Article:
34. indicating high and colleagues14 became convinced sensitivity but low specificity. Two schematic drawings show axial sections at the level of the trigeminal roots where gray indicates nervous tissue. MRI cation of morphologic changes of the neurovascular contact may reveal neurovascular contact of the compressed trigeminal root. recent studies have emphasized studies. distorted. Sup. but the frequency of mere contact between root and are highly suggestive of physical alter- of mere contact blood vessels in trigeminal nerves in ation and have a high predictive value between root and blood asymptomatic patients cautions against for pain relief after decompression. Compression of the trigemi- neurovascular contacts is poorer com. to the point that Cruccu asymptomatic nerves. ical diagnosis of trigeminal neuralgia FIGURE 3-4 Morphologic changes of the trigeminal root showing examples of classic right trigeminal neuralgia.14 The degree of morphologic results are corroborated by two pro- trigeminal root changes is therapeuti. nal nerve at its entry into the brain- pared to the decompression of dis. stem increased the specificity to 100%. These of the trigeminal nerve trigeminal nerve root. or flattened nerve It is important to acknowledge that roots (Figure 3-4). located.14 vessels in trigeminal its use as a diagnostic criterion.7 Nerve that the reintroduction of the term dislocation or signs of atrophy in- idiopathic trigeminal neuralgia was creased the specificity to 97%. high-quality blinded and controlled patients cautions tion. and black indicates bone. 404 ContinuumJournal. Trigeminal Neuralgia KEY POINT h MRI may reveal diseases such as a tumor or MS. red indicates arteries. The long-term outcome neurovascular contact appears to be after surgical correction of simple relevant.33 Advanced MRI all the studies cited here rely on a clin- techniques now allow radiologic April 2017 Copyright © American Academy of Neurology. type of contact and its physical impact tomatic nerves and in 244 out of 681 on the nerve. Atrophy of the right trigeminal root caused by a crossing artery (A) and a downward loop of the superior cerebellar artery that provokes distortion of the right trigeminal root at its entry into the pons (B) can be seen. spective studies. .35 Location of the cally relevant. In a recent meta-analysis of nine nerves in asymptomatic ported by negative findings at opera. These needed.31. Unauthorized reproduction of this article is prohibited. but the frequency changes of symptomatic nerve roots root. mere neurovascular contact against its use as a the importance of differentiating the was found in 471 out of 531 symp- diagnostic criterion.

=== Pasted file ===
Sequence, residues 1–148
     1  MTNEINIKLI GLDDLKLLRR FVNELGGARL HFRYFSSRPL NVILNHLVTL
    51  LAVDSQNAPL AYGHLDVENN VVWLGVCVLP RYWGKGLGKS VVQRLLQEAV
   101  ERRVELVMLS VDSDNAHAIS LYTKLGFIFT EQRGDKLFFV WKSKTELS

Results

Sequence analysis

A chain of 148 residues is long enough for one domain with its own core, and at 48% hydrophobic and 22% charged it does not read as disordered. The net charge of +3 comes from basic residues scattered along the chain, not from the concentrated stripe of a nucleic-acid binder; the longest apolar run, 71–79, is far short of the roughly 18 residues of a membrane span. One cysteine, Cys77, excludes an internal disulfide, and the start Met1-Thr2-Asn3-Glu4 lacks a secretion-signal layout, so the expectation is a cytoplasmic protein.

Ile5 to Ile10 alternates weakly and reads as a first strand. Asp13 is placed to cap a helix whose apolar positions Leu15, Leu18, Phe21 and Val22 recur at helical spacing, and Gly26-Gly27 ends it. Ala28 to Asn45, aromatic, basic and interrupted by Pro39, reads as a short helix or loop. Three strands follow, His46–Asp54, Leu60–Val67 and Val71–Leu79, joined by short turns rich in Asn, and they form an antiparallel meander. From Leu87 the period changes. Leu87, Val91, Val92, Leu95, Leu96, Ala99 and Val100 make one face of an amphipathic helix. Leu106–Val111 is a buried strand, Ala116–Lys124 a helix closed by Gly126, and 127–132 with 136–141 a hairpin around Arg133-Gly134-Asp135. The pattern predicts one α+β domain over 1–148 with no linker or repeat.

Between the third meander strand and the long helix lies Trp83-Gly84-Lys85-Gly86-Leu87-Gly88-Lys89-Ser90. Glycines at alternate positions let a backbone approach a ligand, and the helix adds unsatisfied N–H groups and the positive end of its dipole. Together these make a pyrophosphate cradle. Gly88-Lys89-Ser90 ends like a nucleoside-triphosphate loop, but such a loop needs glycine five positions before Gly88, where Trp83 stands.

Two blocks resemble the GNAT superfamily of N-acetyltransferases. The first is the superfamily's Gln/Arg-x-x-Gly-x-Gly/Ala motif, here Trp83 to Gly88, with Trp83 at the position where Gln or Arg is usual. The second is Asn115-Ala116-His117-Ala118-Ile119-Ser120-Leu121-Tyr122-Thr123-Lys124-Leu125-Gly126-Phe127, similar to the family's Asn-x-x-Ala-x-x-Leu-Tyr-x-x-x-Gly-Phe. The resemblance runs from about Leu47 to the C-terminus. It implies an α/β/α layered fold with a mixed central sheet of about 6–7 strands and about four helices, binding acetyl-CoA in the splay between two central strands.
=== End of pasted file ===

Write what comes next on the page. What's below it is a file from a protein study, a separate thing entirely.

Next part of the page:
signs and morphologic changes caused ment of nerve function (Figure 3-539). masseter muscles.34. MRI techniques. trigeminal neuralgia. and mental nerves and for sion requires the use of specific imaging recording uses surface electrodes paradigms with three-dimensional re. dis. mean specificity of 64% is low. Allowing a between- creasing number of imaging options side quantitative assessment of the are available to depict the nerve and ophthalmic. but their several DTI abnormalities at the tri. for stimulation. KEY POINT prior to MRI. infra- Detection of neurovascular 405 Copyright © American Academy of Neurology. trigeminal re- dimensional time-of-flight magnetic flex testing achieved a sensitivity of resonance angiography (MRA) for 94% and a specificity of 87% in iden- visualization of arteries. or atrophy of the inal reflex testing is particularly helpful trigeminal root (ie. lination and edema. constructive interference in steady the evaluation of neuropathic pain state [CISS]) for a detailed exami. placed over the orbicularis oculi and construction MRI techniques. diagnostic accuracy of MRI. contrast to trigeminal reflex testing.5. evoked ment for trigeminal neuralgia reverses potentials may be altered. will reliably demonstrate microstruc. Trigeminal reflex testing is an reconstruction However.6 Trigem- tortion. the use of specific preceded by an evaluation of clinical tigation.37 The nec.40 In a nation of the cisternal and cavernous meta-analysis of 629 patients with segments of the nerve and three. Typical imaging reliable method to detect secondary paradigms include sequences for forms of trigeminal neuralgia and has three-dimensional T2-weighted MRI been recommended in guidelines for (eg. with three-dimensional presence of trigeminal neuralgia.12. In tractography to measure focal demye. so far the available evidence imaging paradigms symptoms and signs that indicate the is still insufficient.36. MRI find. orbital.5. emergence of the supraorbital. it uses etiology of classic trigeminal neuralgia surface electrodes placed over the (Figure 3-1). maxillary. and mandibular any blood vessels in proximity to divisions. 36. the morphologic if a patient cannot undergo MRI or if changes considered essential to distin. by a vascular compression involving the Trigeminal reflex testing requires only symptomatic trigeminal nerve provides standard nerve conduction study strong enough evidence to confirm the equipment. tifying patients with secondary trigem- essary but sufficient scope of the MRI inal neuralgia.23(2):396–420 ContinuumJournal. many believe that in the future DTI h Detection of ings alone cannot be used as bio. Unauthorized reproduction of this article is prohibited. involving the trigeminal nerve. . neurovascular markers to diagnose trigeminal tural damage in the trigeminal root compression requires neuralgia unless the investigation is and thus become the ultimate inves.28 geminal root entry zone. a combination of clinical established neurophysiologic assess. Consequently. An in. trigeminal neuralgia secondary to tri- guish between a mere contact and a geminal neuropathy is suspected in real compression)14 must still gain spite of a normal MRI result (refer to wide consensus. classic trigeminal neuralgia. trigeminal reflex testing is a the posterior fossa. compression-induced microstructural Various evoked potentials after changes may be estimated using electric or thermal stimuli have been diffusion-tensor imaging (DTI) and studied in trigeminal neuralgia.38 A recent which is normal in idiopathic or report suggests that effective treat. the following section on secondary Several studies suggest that trigeminal neuralgia). comparable to the evaluation to identify dislocation. flattening.38 Although Evoked potentials are adjuvant measures Continuum (Minneap Minn) 2017.